Stanley Allison Rogers (November 29, 1949 – June 2, 1983)[1] was a Canadian folk musician and songwriter.

Stan Rogers
Background information
Birth nameStanley Allison Rogers
Born(1949-11-29)November 29, 1949
Hamilton, Ontario, Canada
DiedJune 2, 1983(1983-06-02) (aged 33)
Hebron, Kentucky, U.S.
Instrument(s)Guitar, vocals
Years active1970–1983
LabelsRCA, Fogarty's Cove, Borealis

Rogers was noted for his traditional-sounding songs which were frequently inspired by Canadian history and the daily lives of working people, especially those from the fishing villages of the Maritime provinces and, later, the farms of the Canadian prairies and Great Lakes.[2] Rogers died in a fire aboard Air Canada Flight 797 on the ground at the Greater Cincinnati Airport at the age of 33.

Early life and musical development edit

Rogers was born in Hamilton, Ontario,[1] the eldest son of Nathan Allison Rogers and Valerie (née Bushell) Rogers, two Maritimers who had relocated to Ontario in search of work shortly after their marriage in July 1948. Although Rogers was raised in Binbrook, Ontario,[3] he often spent summers visiting family in Guysborough County, Nova Scotia.[4][5]

It was there that he became familiar with the way of life in the Maritimes, an influence which was to have a profound impact on his subsequent musical development. He was interested in music from an early age, reportedly beginning to sing shortly after learning to speak.[5] He received his first guitar, a miniature hand-built by his uncle Lee Bushell, when he was five years of age.[6] He was exposed to a variety of music influences, but among the most lasting were the country and western tunes his uncles would sing during family get-togethers. Throughout his childhood, he would practice his singing and playing along with his brother Garnet, six years his junior.[7]

While Rogers was attending Saltfleet High School, Stoney Creek, Ontario,[8] he started to meet other young people interested in folk music, although at this time he was dabbling in rock and roll, singing and playing bass guitar in garage bands such as "Stanley and the Living Stones" and "The Hobbits".[9] After high school, Rogers briefly attended both McMaster University and Trent University, where he performed in small venues with other student musicians, including Ian Tamblyn, Chris Ward and fellow Hobbit Nigel Russell.[10][9] Russell wrote the song "White Collar Holler", which Rogers sang frequently on stage.[11]

Rogers signed with RCA Records in 1970 and recorded two singles: "Here's to You Santa Claus" in 1970,[12] and "The Fat Girl Rag" in 1971.[13] In 1973, Rogers recorded three singles for Polygram: "Three Pennies", "Guysborough Train", and "Past Fifty."[14]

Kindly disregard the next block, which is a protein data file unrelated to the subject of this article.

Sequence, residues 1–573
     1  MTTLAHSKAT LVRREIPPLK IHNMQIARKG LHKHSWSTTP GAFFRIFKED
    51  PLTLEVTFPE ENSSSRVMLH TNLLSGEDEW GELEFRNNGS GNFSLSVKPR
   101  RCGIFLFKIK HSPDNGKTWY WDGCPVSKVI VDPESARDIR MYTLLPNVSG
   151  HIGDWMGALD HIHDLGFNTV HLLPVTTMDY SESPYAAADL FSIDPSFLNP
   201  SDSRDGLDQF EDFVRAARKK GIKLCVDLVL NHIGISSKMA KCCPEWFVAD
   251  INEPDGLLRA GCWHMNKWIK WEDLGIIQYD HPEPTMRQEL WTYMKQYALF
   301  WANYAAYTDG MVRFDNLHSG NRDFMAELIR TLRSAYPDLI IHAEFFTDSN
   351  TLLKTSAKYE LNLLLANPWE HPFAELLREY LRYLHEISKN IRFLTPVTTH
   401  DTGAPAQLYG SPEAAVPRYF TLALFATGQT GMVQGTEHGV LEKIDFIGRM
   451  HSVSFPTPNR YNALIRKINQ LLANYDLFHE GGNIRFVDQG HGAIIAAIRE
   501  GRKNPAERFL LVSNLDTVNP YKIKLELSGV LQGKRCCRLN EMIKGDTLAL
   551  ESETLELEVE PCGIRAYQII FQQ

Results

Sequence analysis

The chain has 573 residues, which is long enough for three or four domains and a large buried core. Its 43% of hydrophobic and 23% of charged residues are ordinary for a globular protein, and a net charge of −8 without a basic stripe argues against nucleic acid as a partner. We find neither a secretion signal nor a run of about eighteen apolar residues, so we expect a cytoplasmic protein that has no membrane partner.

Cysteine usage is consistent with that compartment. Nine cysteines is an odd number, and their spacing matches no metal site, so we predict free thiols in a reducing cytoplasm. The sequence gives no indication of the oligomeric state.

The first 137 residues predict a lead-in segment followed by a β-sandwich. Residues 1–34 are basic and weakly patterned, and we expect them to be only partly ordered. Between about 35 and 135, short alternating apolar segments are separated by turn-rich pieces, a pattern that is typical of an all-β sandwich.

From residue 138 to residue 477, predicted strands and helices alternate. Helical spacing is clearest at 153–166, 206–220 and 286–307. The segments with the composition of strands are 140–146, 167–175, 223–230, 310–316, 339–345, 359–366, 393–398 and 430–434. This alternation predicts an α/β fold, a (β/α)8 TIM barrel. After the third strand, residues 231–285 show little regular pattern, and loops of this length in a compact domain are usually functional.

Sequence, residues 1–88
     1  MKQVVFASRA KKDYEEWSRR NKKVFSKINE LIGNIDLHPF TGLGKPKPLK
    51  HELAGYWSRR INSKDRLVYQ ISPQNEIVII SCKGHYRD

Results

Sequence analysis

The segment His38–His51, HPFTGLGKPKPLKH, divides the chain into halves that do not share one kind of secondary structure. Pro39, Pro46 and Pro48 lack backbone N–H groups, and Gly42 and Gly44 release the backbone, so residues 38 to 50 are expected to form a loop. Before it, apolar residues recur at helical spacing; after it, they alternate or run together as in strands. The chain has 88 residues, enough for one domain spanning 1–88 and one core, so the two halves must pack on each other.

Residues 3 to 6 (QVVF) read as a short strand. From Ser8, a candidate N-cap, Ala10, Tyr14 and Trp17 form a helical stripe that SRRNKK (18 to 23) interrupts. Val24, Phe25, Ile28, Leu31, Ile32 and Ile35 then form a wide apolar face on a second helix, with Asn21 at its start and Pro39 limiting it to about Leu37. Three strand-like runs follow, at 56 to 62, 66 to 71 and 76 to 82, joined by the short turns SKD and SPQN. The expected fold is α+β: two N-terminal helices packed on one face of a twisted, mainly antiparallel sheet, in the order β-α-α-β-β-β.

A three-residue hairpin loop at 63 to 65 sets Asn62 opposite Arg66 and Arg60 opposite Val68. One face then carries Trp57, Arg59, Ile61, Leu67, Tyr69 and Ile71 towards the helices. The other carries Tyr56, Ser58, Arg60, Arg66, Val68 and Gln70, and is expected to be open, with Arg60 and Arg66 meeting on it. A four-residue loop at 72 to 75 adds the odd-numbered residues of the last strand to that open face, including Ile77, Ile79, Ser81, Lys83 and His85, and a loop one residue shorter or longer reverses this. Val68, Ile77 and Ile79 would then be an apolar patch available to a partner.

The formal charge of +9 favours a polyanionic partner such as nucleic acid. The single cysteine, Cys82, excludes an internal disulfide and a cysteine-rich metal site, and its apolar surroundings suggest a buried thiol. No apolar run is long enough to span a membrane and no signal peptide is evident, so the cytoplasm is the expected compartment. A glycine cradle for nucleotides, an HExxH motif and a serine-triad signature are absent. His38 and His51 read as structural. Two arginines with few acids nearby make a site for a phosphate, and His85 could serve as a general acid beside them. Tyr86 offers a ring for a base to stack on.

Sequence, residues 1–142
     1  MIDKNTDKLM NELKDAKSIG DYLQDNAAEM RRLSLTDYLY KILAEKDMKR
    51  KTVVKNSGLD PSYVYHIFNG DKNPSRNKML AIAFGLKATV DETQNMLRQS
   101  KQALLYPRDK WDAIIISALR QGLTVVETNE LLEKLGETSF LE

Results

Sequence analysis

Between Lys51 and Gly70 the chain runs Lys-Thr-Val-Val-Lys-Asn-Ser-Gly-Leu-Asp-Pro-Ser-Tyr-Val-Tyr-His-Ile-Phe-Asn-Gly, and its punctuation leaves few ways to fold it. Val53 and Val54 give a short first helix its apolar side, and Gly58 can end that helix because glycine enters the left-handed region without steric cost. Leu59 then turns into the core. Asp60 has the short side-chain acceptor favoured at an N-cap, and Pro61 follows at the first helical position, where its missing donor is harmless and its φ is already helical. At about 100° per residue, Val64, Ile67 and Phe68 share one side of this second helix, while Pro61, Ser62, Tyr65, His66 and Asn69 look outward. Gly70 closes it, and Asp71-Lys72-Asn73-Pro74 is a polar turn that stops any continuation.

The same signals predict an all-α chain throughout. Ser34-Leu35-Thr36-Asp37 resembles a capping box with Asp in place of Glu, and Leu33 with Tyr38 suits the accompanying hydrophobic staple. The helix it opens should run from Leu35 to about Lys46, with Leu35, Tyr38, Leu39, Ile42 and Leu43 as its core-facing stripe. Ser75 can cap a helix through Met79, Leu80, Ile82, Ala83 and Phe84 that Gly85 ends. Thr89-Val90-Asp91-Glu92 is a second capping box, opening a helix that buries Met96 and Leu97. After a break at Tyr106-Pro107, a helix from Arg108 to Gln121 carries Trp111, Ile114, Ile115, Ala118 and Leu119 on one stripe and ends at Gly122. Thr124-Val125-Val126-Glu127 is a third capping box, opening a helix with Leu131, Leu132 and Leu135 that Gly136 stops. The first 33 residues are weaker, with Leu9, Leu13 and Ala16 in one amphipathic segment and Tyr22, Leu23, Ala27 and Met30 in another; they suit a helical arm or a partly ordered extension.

In 1976, Rogers recorded his debut album, Fogarty's Cove, released in 1977 on Barnswallow Records.[15] The album's subject matter dealt almost entirely with life in maritime Canada, and was an immediate success. Rogers then formed Fogarty's Cove Music, and bought Barnswallow during the production of Turnaround, allowing him to release his own albums. Posthumously, additional albums were released.

Sung in his rich baritone, Rogers' songs often had a Celtic feel which was due, in part, to his frequent use of DADGAD guitar tuning. He regularly used his William 'Grit' Laskin built 12-string guitar in his performances. His best-known pieces include "Northwest Passage", "Barrett's Privateers", "The Mary Ellen Carter", "Make and Break Harbour", "The Idiot", "Fogarty's Cove", and "White Squall".[16]

Death edit

Rogers died alongside 22 other passengers most likely of smoke inhalation on June 2, 1983, while travelling on Air Canada Flight 797 (a McDonnell Douglas DC-9) after performing at the Kerrville Folk Festival. The airliner was flying from Dallas, Texas, to Toronto and Montreal when a fire from an unknown ignition source within the vanity or toilet shroud of the aft washroom forced it to make an emergency landing at the Greater Cincinnati Airport in northern Kentucky. There were initially no visible flames, and after attempts to extinguish the fire were unsuccessful, smoke filled the cabin. Upon landing, the plane's doors were opened, allowing the five crew and 18 of the 41 passengers to escape, but approximately 90 seconds into the evacuation the oxygen rushing in from outside caused a flash fire.[17]

His ashes were scattered off the north-eastern shore of Nova Scotia, Canada.[18]

Legacy edit